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Thesis final

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Thesis final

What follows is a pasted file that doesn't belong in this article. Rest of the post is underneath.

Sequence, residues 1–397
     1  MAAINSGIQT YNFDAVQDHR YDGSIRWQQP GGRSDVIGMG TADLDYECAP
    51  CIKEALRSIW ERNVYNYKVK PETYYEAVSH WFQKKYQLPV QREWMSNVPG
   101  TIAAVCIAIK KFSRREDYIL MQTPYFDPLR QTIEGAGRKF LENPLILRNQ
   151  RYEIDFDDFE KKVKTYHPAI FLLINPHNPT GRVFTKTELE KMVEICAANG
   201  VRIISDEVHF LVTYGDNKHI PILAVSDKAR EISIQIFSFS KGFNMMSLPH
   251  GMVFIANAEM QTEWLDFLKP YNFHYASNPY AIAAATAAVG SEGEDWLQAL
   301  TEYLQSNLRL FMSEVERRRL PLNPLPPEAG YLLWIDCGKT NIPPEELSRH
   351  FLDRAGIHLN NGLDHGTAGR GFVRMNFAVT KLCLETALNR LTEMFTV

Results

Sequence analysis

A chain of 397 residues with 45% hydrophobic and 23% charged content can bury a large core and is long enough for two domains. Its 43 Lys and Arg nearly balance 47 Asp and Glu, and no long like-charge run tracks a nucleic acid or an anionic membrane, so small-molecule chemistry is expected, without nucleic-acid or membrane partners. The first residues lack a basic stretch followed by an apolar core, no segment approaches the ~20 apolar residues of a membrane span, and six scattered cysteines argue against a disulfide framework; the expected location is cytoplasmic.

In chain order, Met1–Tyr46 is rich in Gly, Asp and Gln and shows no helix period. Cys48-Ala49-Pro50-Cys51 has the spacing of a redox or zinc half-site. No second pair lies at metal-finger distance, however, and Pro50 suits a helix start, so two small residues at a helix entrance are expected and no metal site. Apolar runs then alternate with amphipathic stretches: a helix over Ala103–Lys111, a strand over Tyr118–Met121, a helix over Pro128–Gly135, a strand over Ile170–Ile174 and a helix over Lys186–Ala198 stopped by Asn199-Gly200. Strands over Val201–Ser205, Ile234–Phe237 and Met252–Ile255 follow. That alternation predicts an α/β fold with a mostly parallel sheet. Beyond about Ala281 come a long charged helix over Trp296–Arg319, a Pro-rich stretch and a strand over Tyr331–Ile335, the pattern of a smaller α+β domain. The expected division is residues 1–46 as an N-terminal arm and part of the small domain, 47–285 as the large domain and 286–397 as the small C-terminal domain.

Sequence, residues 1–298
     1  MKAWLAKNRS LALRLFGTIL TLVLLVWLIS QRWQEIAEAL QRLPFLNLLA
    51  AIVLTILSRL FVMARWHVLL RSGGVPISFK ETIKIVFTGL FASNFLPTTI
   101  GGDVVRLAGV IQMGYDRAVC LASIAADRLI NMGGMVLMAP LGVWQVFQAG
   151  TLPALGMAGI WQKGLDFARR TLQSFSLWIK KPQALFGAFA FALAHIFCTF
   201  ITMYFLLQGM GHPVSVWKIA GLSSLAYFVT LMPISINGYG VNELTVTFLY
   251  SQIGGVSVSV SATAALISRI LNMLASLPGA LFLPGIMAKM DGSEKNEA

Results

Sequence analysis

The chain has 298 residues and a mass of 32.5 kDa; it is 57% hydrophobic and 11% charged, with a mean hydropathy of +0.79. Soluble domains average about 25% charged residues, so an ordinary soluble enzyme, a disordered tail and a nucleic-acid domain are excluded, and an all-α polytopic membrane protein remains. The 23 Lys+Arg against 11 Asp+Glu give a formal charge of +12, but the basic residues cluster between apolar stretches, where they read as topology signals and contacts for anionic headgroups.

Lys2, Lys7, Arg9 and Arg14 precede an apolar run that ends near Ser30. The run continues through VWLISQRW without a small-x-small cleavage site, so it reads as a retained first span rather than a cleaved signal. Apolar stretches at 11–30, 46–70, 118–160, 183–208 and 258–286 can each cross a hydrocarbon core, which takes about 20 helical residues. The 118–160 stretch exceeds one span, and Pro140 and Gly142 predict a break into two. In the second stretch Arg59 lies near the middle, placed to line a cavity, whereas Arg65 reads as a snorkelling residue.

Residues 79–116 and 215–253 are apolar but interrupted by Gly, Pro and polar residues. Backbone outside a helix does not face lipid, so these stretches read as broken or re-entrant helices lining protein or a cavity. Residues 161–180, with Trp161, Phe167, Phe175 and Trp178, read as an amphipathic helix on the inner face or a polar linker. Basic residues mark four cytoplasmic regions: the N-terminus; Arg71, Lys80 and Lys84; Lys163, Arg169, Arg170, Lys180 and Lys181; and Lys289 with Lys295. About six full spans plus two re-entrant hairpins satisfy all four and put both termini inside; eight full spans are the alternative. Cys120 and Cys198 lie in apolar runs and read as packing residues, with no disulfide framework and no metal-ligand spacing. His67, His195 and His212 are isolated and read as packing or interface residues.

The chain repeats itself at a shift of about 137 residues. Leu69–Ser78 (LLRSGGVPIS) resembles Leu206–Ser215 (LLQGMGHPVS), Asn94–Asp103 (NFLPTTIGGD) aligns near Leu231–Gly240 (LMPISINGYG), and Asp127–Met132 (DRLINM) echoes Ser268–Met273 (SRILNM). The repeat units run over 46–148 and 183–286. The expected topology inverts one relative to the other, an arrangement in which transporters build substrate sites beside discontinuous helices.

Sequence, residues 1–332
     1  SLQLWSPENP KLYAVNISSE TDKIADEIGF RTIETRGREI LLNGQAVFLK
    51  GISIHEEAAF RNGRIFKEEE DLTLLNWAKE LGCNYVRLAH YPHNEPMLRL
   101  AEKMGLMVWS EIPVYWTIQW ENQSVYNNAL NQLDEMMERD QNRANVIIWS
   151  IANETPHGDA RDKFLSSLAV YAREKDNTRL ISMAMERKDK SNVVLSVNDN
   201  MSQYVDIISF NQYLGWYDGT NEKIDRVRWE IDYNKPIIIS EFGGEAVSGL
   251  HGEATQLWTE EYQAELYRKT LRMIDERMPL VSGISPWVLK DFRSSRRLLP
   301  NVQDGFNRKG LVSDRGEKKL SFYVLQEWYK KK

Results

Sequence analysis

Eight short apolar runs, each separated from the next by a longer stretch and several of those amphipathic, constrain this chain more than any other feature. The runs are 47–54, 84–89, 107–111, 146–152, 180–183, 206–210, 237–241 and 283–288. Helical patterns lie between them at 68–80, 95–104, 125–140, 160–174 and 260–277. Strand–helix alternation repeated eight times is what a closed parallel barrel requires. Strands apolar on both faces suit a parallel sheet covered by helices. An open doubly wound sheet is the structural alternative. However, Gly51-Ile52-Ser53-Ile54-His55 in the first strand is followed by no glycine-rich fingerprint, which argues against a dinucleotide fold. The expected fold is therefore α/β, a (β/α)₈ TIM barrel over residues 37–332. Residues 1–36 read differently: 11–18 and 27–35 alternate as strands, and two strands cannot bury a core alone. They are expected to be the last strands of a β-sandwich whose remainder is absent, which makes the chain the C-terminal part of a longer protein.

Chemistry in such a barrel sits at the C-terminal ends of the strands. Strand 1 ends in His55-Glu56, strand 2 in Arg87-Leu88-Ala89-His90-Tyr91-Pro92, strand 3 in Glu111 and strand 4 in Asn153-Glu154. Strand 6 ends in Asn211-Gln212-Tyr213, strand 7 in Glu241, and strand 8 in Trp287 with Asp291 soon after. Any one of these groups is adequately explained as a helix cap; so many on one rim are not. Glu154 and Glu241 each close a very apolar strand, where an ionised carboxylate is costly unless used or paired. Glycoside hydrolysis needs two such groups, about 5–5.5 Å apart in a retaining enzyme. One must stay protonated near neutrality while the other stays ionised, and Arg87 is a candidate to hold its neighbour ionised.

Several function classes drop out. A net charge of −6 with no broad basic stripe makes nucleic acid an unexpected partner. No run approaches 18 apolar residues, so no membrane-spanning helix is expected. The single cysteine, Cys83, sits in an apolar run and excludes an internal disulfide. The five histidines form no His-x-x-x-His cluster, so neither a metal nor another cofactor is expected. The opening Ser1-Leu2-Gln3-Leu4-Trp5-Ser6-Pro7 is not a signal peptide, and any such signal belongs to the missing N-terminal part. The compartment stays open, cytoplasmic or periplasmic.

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  1 Chapter 1 Introduction Background of the research This study stems from t he fact about the Enhancement of CSN’s Personality through Inclusive Education. The absence of a shared approach to education in the country, one that is opened to all students, suggests that a strong conceptual basis for Inclusive Education (IE) remains to be established. This lack of grounding for a sound practice of Inclusive Education makes it difficult to articulate the reasonable extent of involvement. All members of the school community in the education of Children with Special Needs (CSN). What form Inclusive Education should take and what requirements must be met (MacBeath, Galton, Steward, MacBeath & Page, 2006) are issues that remain unresolved to the satisfaction of the major stakeholders in Inclusive Education. So far, the practice of Inclusive Education in Philippine basic education is largely determined by Department of Education Order No. 72, s. 2009, an outdated directive which does not specify a stable, clear, and definite process of including Children with Special Needs in the general education setting.  A move to effect high-quality inclusion in Philippine schools is said to be underway, but at present, the Special Education Act (Philippine Senate Bill 3002), which is supposed to determine the practice of inclusion in general education schools, is still u nder review at the Philippine senate. The continued delay of this bill’s passage into law  2 and which standards should be met in its implementation are issues that continue to defy definitive resolution. Overseas, Freeman and Alkin 2003 have observed that debates on Inclusive Education and its implications for the lives of Children with Special Needs have been raging (as cited in Fitch, 2003). Many governments have introduced Inclusive Education into their respective systems as an attempt to find satisfactory and durable solutions to the many problems besetting the practice of inclusion in different contexts. A multitude of actions have been planned, tested, challenged, and overhauled. There are also educationists who are convinced that standards-based schooling is not just for children without special needs (Jesness, 2002). That is to say, having learning problems does not necessarily lead to the inability to meet requirements of high-quality education (Jesness, 2002). As for the difficulty that one may experience in the early stages of learning, Jesness (2002) seems to view such phenomena as a simple fact of learning, something that should not make schoolteachers push their students to attain what may appear to be a remotely achievable goal at the beginning. The road to success in teaching and learning can be tricky, however, and the attempt to get students to where they should be inevitably carries certain encumbrances (MacBeath et al., 2006), especially on the part of inclusive school personnel and parents of Children with Special Needs. It is not surprising, therefore, if a number of them have questioned the wisdom behind the policy that suggests they are largely responsible for school children’s performance in standard-based tests or in any ordinary general education setting. In June 1994, representatives from 92 countries and 25 international organizations met at the World Conference on Special Needs Education in Salamanca,  3 Spain, 7 MUEGA  –  Inclusive Education in the Philippines to promote IE as a global norm. The conference forged and adopted a framework of action that calls for appropriate education for Children with Special Needs in the general education setting.  Arguing that inclusion and participation are human rights, the UNESCO Salamanca Statement asserts that the general education setting should be regarded as a venue of human development open to all schoolchildren, regardless of their physical, emotional, and intellectual states. Inclusive schools are expected to view various categories of differences as a matter of having unique traits that distinguish individuals from each other.  4 Conceptual Framework: The conceptual Framework contemplates the sequence of the study. It shows the relationship of the variables in the Study.   “The Enhancement of (Children with Special needs) CSN’s Personality through Inclusive Education”   Input The Profile of respondents Educational coach Regular Teachers Sped Teachers and Parents. Benefit of Inclusive Education that refers to the development of Personality of CSN Roles of the Peoples in Inclusive Education that help CSN to enhance their Personality Meant of Inclusive Process   Questionnaire   research   Survey Output  Awareness of the Roles of Regular Teachers, Special Education Teachers and also Educational Coach on Personality Enhancement of the Children with Special Needs.  5 Statement of the Problem The researcher’s main concern is to discover the enhancement of CSN’s personality through Inclusive Education. Specially it seeks to answer the following:   1. What is the profile of the respondent as to: 1.1 age 1.2 gender 1.3 number of years teaching 1.4 educational qualification 2 . What are the advantages of Inclusive Education to Children with Special Needs? 3. What are the factors that affect the personality of Children with Special Needs in Inclusive Education? 4. How can we enhance the personality of Children with Special Needs through Inclusive Education.
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